art stuff

I forgot Friday last week. The whole week was out of whack because of the Thanksgiving holiday on Thursday, which made me think that Monday was Wednesday and Wednesday was the first day of the weekend and then the real weekend came around and I remembered that Friday was yesterday, and I forgot to launch my blog post.

But by then I was in full magical realism/Northern Exposure mode, exploring the way myth, fantasy, and Alaska inform my daily life as is always the case with me in my post-white-wine blow-out mood, and I said to myself, “Sometimes, Ed, you just gotta do something bad, just to know you’re alive.”

So I apologize for skipping last week’s get-together. That means that this week’s round up of all the horror and whimsy  that is life on this planet (focus on the north shore of Long Island) will be extra long, organized into four parts: Reasons to be Happy, Current Horrendous Events, Life in the Pandemic Surrounded by CovIdiots, and Words to Live By While the Wine Chills.

P.S. to Jeanie, Steve, and Citizen Reader: look for the Easter Eggs just for you.

But first, let’s get in the mood with some 2020 feels:

 

This one is late, but still funny:

 

Last month I packed an overnight bag and ample refreshments and I dialed the phone humber of the “Help” line of the company that “hosts” this blog to discuss an issue that many of you Dear Readers have brought to my attention, namely, that the Comments that you all so kindly write to me don’t show in the public Comments section. After a predictably lengthy wait, and a predictably lengthy chat, along with a predictable fee of $49.99, I was able to secure a technician who updated some widgets and eliminated a few gizmos and added several new doodads and voila: the Comments appeared. 

Supposedly. Let me know if this is true. 

I was also advised that the version of WordPress that I am working on is almost obsolete so, although I have paid for this blog to be continued until 2022, all this might disappear, one day, all on its own unless I get new hardware soon and, well, you might as well shit on a cracker and call it Sharon before I’ll do that. I do not want to even think about getting a new computer because  I just got this one in 2012 and I have more fun things to do than listen to a sales guy tell me about Core i5 chips, hybrid drives, 1920 x 1080 dis, etc. I also dread having to sit down and upload stuff on a new computer; cleaning up my email in-box, which is only a matter of repetitively clicking my mouse, already feels like hard labor and I’m not in the mood. 

Reasons To Be Happy: When I say fun things, I mean I might even head out to Manhattan’s Upper West Side and go owl watching. There’s a big story in New York City about a barred owl that has been spotted in Central Park, and people are going crazy for this bird. Here’s what it looks like when the owl wakes up at dusk and prepares to go hunting:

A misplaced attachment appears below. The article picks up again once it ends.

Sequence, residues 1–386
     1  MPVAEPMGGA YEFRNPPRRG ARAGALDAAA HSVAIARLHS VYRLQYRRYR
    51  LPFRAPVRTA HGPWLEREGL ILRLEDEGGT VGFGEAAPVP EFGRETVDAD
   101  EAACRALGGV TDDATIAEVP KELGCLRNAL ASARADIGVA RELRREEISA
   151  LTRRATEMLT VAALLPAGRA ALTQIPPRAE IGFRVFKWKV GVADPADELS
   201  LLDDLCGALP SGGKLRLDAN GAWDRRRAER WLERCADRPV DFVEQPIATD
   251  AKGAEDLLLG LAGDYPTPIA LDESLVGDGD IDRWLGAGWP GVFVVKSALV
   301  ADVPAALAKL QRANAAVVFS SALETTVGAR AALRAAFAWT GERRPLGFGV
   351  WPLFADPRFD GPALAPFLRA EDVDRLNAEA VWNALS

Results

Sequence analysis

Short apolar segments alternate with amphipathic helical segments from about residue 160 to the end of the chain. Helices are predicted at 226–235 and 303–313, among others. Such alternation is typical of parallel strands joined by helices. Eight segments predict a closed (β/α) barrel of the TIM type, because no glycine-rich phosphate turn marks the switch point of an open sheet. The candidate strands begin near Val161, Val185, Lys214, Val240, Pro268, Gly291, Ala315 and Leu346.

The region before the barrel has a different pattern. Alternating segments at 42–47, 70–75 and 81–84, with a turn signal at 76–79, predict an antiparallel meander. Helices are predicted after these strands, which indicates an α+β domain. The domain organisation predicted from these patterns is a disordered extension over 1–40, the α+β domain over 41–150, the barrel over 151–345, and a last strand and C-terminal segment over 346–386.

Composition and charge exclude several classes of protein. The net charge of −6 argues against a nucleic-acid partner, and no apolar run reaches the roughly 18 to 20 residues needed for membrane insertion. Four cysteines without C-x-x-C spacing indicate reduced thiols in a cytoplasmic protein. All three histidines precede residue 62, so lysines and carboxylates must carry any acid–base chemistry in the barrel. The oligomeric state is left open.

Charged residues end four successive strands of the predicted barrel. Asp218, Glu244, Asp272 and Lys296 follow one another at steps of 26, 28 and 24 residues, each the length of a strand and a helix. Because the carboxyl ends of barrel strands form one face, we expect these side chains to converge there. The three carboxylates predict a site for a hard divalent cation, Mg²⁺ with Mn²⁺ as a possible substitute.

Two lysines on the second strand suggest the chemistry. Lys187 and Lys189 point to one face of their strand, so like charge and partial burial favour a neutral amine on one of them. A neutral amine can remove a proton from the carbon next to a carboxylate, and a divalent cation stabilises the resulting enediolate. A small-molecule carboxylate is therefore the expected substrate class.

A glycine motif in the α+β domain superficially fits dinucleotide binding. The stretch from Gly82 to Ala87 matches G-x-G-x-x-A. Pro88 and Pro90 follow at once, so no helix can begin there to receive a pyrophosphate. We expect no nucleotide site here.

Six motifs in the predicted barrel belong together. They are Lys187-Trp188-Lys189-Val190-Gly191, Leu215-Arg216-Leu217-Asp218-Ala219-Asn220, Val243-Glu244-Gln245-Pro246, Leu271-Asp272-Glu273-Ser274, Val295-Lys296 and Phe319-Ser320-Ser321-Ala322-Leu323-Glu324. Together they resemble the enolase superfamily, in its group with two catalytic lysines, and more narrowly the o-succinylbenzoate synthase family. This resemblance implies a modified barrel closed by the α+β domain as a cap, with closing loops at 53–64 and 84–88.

Photo credit: J. Alex Tarquino.

Photo credit: J. Alex Tarquino.

I think that’s kind of sweet. People come out in real life when they could be watching TV…good for them.

Did you all feel the culture shift last week? Did you feel the shudder of the enormous tilt in civilization as we know it?

Why do I ask? Because at 1:45 PM on November 24, 2020, a group of Korean artists were nominated for a Grammy in Best Pop Duo/Group Category, along with the usual [western,main stream] suspects (Justin Bieber, Dua Lipa, Lady Gaga, Taylor Swift):

While this  explosion of the cultural axis might have gone unnoticed in your house (I mean, the Grammies were irrelevant to me, until just this year), it was such a big story in South Korea that it was covered in real time on TV:

But wait, that’s not all. 

The next week, BTS debuted their latest single, Life Goes On, at No. 1 on Billboard, their third No. 1 in three months, and the first No. 1 in the Korean language

A Korean language song topping the Billboard Hot 100 might not be earth-shattering news to you, or make you and your friends jump and scream and cry, but it was major news in South Korea:

All the TV channels covered the story:

 

 

 

Over the past three decades South Korea has spent a lot of money promoting their popular culture for export as a “soft power” move to expand its economy and its political influence in the world, so this was by far the biggest coup for the Korean Wave since it began as a ripple in 1992. What France was to the 18th-century, Korea will be to the 21st-century. There might even be a legendary ex-pat “Lost Generation” story about Americans in Korea being lived over there right now; I swear that if I were in my 20s, I’d be lighting out for Seoul tomorrow.

But if BTS isn’t on your radar yet as this generation’s Beatles, then maybe you’ll take the word of an actual Beatle, that these guys are The Real Thing (transcript of an interview on Smartness podcast hosted by Jason Bateman, Will Arnett, and Sean Hayes):

We live in terrible, crazy, awful times here in the U S of A, and it’s these seven Koreans who keep me feeling less suicidal about the future.

And here is where we head into the Current Horrendous Events portion of this blog.

Things are so deranged here that it hardly made a ripple when a recently pardoned general began urging the president to suspend the constitution, declare martial law, and have the military supervise a new election. . . 

. . .  because that president that Flynn was cajoling into sedition was himself busy, entertaining/horrifying us with a 46-minute rambling, bat-shit crazy address to the American people, holding up bits of paper to “prove” the nutty conspiracy theories of a stolen election that have, so far, been shot down in 41 seperate court rulings.